A green galaxy has been discovered using the Wide-field Infrared Survey Explorer (WISE), NASA and the Jet Propulsion Laboratory (JPL) announced Tuesday. Once they spotted the faint red galaxy with the infrared camera, they took a deeper look with the Hubble Space Telescope.
If you can see the tiny red dot in the above photo from NASA, you’re looking at a galaxy with a nearly 100 percent efficiency at creating new stars.
That’s right. You’re quick. The green galaxy isn’t green in the optical light spectrum.
Instead, it’s green in the sense that it’s super fuel efficient. NASA explained that the Hubble studies revealed that the most of the starlight in this unusual galaxy is coming from a small region a fraction of the size of our own Milky Way galaxy.
Yet, within that relatively small region, stars are forming at hundreds of times the rate that they form in our own galaxy.
“This is a case of star formation at its most extreme,” JPL said in their statement announcing the discovery.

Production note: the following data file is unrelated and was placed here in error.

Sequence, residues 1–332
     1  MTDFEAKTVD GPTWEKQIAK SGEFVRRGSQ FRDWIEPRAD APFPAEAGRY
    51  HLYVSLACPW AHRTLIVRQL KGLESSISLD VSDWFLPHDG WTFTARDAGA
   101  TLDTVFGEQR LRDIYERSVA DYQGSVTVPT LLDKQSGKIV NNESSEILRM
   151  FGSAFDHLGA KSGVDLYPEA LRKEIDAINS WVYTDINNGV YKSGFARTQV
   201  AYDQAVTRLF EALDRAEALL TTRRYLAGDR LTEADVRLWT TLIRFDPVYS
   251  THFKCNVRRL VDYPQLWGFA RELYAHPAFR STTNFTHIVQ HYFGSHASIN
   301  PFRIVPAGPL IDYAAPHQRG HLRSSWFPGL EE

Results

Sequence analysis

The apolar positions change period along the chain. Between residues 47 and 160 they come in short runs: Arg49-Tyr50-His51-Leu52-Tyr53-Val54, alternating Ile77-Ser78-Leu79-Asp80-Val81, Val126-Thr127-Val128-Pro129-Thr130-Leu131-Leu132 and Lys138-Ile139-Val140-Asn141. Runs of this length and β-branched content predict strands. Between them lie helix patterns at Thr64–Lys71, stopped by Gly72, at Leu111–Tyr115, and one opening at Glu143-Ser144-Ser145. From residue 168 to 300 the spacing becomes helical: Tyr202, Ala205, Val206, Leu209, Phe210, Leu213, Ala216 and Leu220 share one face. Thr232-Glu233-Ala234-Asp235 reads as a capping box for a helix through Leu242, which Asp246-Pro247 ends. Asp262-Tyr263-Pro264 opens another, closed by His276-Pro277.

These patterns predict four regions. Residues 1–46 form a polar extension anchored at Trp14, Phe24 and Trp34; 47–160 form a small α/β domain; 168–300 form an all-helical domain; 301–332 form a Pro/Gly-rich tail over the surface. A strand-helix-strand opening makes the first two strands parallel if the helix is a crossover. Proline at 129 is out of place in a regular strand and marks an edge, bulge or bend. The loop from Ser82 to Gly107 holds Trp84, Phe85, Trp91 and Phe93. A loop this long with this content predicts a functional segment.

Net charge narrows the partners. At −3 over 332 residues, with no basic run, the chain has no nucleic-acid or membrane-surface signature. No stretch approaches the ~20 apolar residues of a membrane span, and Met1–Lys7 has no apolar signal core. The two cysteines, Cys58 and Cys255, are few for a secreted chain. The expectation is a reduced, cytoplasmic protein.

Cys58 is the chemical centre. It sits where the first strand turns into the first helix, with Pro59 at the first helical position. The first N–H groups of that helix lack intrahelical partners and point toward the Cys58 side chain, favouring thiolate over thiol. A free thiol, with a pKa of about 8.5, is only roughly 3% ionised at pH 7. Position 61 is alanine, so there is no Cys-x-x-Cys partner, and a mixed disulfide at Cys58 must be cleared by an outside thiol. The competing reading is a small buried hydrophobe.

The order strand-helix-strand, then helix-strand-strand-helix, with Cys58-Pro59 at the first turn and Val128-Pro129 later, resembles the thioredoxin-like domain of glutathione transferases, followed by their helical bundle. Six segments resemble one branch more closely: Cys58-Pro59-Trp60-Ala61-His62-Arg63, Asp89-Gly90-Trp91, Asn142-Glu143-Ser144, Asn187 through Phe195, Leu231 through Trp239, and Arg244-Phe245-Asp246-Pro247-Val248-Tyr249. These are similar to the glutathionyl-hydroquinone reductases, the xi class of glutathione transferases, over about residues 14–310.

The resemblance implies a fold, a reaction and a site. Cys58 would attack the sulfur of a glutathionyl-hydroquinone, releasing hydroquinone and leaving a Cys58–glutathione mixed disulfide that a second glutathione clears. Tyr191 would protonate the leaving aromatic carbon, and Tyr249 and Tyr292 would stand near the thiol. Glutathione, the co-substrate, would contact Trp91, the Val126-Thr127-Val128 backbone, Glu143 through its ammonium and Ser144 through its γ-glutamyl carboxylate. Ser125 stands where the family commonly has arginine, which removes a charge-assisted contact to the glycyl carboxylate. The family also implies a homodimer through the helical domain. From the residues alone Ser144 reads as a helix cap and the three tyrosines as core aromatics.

Jim Geach of Canada’s McGill University and lead author of a study on the galaxy published in the Astrophysical Journal Letters is equally enthusiastic: “This galaxy…[is] converting its gas supply into new stars at the maximum rate thought possible.”
By the way, don’t you love the names of rare and distant galaxies? This one goes by the moniker SDSSJ1506+54.
I like that +54. That’s the kind of galaxy that doesn’t tolerate any nonsense. It’s just fast and efficient, going about the business of making baby stars as fast as it can possibly pump ’em out.
“We see some gas outflowing from this galaxy at millions of miles per hour, and this gas may have been blown away by the powerful radiation from the newly formed stars,” said Ryan Hickox, a Dartmouth College astrophysicist who is a co-author on the study.
And I thought my dad’s Scion was reasonably fuel efficient. But none of us can keep up with the newly discovered green galaxy.
[green galaxy photo by NASA/JPL-Caltech/STScI/IRAM]